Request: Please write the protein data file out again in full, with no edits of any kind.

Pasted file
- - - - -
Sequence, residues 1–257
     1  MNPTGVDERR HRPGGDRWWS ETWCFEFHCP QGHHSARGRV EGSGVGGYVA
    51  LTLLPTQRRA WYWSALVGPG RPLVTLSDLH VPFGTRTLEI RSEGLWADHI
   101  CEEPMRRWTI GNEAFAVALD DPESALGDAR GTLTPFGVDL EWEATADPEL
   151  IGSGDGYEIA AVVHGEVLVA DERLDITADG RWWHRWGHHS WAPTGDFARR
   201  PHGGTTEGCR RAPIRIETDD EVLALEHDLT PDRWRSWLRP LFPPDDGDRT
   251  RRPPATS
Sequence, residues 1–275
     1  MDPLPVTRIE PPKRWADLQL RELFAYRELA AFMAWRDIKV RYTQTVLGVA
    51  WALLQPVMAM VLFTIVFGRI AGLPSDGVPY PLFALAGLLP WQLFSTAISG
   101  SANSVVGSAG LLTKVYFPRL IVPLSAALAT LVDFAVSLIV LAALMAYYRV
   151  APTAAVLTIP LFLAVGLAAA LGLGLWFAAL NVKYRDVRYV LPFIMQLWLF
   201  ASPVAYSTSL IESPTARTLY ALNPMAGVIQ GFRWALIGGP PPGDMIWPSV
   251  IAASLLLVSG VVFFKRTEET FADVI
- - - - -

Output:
Sequence, residues 1–257
     1  MNPTGVDERR HRPGGDRWWS ETWCFEFHCP QGHHSARGRV EGSGVGGYVA
    51  LTLLPTQRRA WYWSALVGPG RPLVTLSDLH VPFGTRTLEI RSEGLWADHI
   101  CEEPMRRWTI GNEAFAVALD DPESALGDAR GTLTPFGVDL EWEATADPEL
   151  IGSGDGYEIA AVVHGEVLVA DERLDITADG RWWHRWGHHS WAPTGDFARR
   201  PHGGTTEGCR RAPIRIETDD EVLALEHDLT PDRWRSWLRP LFPPDDGDRT
   251  RRPPATS
Sequence, residues 1–275
     1  MDPLPVTRIE PPKRWADLQL RELFAYRELA AFMAWRDIKV RYTQTVLGVA
    51  WALLQPVMAM VLFTIVFGRI AGLPSDGVPY PLFALAGLLP WQLFSTAISG
   101  SANSVVGSAG LLTKVYFPRL IVPLSAALAT LVDFAVSLIV LAALMAYYRV
   151  APTAAVLTIP LFLAVGLAAA LGLGLWFAAL NVKYRDVRYV LPFIMQLWLF
   201  ASPVAYSTSL IESPTARTLY ALNPMAGVIQ GFRWALIGGP PPGDMIWPSV
   251  IAASLLLVSG VVFFKRTEET FADVI